posted by Jon Nelson on Mon 25th Nov 2002 02:49 UTC
IconBoa is a single-tasking HTTP server. Boa does not fork a copy of itself or spawn a thread to handle each incoming connection, but rather internally multiplexes the connections. Boa only forks for CGI programs, automatic directory generation, and automatic file gunzipping, each of which must be a separate process. The primary design goals of Boa are speed and security, in the sense of "can't be subverted by a malicious user", not "fine grained access control and encrypted communications". Boa is not intended as a feature-packed server; if you want one of those, Boa is probably not the right choice.

Introduction: What is Boa?

Boa is written in C and uses the GNU autoconf system to provide a portable code base. It has been reported to run out-of-the-box on many different flavors of UN*X, and with minor tweaking on many more. Currently Boa is developed on a Linux platform, on a variety of distributions, most notably RedHat Linux, Debian GNU/Linux, andGentoo Linux. Additionally, Boa is available under FreeBSD 4.6 as a port. Boa has also been reported to run on OpenBSD, HP/UX, Solaris 7 and 8, AIX, and even the Cygwin environment for Windows. An earlier release of Boa was even ported to run under DOS!

Boa excels at certain types of web serving, notably static documents, which means documents served directly off of disk, without involving additional processes. Though desgined before 100Mbit ethernet, Boa can easily saturate 100Mbit Ethernet links on even modest hardware. Boa was designed before such hardware was readily available, and was specifically designed to use resources efficiently. In fact, Boa is actually one of the oldest actively developed web servers!


Boa was written sometime in the early 1990's by Paul Philips. More accurately, the first announcement I could find regarding Boa dates back to September 20, 1995, in which Paul announces v0.90 of "The Boa webserver''. Unfortunately, I cannot locate any release announcement prior to this, although Boa was undoubtably under development earlier than this. Shortly thereafter version 0.91 was released.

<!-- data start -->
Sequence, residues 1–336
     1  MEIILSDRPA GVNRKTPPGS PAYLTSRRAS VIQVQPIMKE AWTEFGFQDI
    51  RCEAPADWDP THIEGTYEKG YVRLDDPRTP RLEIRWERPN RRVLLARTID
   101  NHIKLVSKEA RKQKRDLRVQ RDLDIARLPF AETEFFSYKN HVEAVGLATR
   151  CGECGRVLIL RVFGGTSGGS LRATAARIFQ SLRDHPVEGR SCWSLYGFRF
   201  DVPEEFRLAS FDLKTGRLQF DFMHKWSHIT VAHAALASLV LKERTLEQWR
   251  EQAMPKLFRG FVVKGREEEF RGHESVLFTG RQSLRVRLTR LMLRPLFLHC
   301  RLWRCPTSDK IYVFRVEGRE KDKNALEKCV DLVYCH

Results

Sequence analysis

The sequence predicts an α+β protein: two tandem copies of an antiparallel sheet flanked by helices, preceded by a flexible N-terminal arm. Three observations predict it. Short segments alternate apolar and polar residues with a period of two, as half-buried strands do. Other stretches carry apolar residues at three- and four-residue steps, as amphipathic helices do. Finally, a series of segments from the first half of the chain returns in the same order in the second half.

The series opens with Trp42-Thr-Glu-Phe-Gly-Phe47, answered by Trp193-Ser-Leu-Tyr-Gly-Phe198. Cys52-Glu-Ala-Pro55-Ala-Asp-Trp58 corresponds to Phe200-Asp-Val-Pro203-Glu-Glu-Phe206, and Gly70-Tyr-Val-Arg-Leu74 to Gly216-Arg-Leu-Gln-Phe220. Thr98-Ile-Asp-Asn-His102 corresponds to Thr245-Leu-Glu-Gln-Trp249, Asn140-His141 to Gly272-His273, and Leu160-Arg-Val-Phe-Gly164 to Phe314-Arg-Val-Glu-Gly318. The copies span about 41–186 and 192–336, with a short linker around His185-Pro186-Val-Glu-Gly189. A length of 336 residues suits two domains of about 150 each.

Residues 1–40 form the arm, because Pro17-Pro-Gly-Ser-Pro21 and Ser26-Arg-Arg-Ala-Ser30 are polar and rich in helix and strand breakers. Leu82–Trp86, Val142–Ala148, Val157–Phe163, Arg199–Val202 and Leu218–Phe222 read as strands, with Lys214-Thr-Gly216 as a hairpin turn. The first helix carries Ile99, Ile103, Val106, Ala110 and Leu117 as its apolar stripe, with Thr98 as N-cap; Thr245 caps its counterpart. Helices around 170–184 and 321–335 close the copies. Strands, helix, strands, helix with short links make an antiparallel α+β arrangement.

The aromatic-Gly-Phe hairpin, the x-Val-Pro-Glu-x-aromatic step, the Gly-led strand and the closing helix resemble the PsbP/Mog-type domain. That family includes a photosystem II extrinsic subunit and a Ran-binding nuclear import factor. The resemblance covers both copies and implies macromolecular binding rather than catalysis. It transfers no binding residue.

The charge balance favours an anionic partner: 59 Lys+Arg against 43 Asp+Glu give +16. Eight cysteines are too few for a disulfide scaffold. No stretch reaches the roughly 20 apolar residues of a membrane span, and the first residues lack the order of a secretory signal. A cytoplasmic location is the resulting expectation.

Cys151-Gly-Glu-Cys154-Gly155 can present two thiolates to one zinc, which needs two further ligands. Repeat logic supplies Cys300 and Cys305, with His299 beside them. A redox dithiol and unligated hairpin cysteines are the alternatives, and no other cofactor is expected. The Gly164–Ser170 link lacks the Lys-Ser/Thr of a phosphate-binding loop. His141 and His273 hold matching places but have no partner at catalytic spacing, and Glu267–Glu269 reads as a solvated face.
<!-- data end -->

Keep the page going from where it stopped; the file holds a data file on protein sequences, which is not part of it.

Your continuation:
In 1996, I encountered Boa in my quest for a lightweight http server that fit the following rigorous criteria: it must be able to run well on the modest hardware I had available and I should be able to look at the code and at least pretend that I knew what was going on. The hardware I had available was a Zeos Intel i386 with 2MB of RAM and 120MB of very slow drive storage. After some initial research, I downloaded and tried to compile several servers, including Apache, NCSA, thttpd and Boa (version 0.91). I wasn't able to get Apache to run in a satisfactory manner; I felt it was much too heavy for the hardware. NCSA ran slowly, and with thttpd and Boa I encountered various bugs. I resolved initially tried fixing some of the bugs, but I wasn't able to understand thttpd's code enough to be able to effectively contribute. When I turned to Boa, I immediately felt that the code was much cleaner. After some time, I felt I was successful in my attempted bug fix, so I wrote Paul Philips. He replied that two others had taken 0.91, continued development and released 0.92, which he hadn't even seen yet. I took the information he provided me, and contacted Larry Doolittle. I contributed a patch or two, and gradually became more involved.

Version 0.92 was the next major release, and was the first by someone other than Paul. Larry Doolittle handled this release. Version 0.92 went through several iterations, and the ``official'' release, 0.92o was on December 23, 1996. There were a number of point releases after that, finally ending at 0.92q. Today, you can find still many variants of the 0.92 release series in various hardware and software devices.

Version 0.93 was released shortly thereafter, and was treated as the "development'' version for a long time - more than four years, in fact. Finally, on January 17, 2000 version 0.94 was released. As was the usual case, 0.94 went through a few minor point releases, but solidified very nicely.

Version 0.94 represented an enormous amount of work, and many hundreds of CVS commits, but the result was a significantly faster, cleaner, and more robust webserver.

Table of contents
  1. "Introduction, History"
  2. "Performance"
  3. "More Performance, Conclusion"
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